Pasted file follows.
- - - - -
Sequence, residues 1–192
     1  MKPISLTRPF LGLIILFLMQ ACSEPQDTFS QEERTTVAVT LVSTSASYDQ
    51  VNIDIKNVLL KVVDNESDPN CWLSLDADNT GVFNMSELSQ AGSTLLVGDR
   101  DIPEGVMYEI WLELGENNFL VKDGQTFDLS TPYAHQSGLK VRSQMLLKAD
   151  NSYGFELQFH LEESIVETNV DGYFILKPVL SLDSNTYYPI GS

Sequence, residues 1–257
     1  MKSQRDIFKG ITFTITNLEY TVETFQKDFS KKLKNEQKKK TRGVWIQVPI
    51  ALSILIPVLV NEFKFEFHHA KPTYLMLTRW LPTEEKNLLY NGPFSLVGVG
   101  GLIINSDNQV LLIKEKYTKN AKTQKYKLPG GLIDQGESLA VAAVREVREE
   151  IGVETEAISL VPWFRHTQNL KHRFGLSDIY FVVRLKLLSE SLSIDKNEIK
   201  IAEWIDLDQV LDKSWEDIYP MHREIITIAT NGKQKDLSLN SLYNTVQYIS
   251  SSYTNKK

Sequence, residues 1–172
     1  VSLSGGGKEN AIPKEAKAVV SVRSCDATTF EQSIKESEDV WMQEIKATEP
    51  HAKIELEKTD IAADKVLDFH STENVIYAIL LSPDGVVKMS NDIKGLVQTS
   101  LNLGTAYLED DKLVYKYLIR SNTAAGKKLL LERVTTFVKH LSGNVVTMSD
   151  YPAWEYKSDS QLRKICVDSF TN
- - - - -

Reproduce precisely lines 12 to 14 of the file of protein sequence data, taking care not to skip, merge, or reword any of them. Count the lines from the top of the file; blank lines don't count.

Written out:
   251  SSYTNKK

Sequence, residues 1–172
     1  VSLSGGGKEN AIPKEAKAVV SVRSCDATTF EQSIKESEDV WMQEIKATEP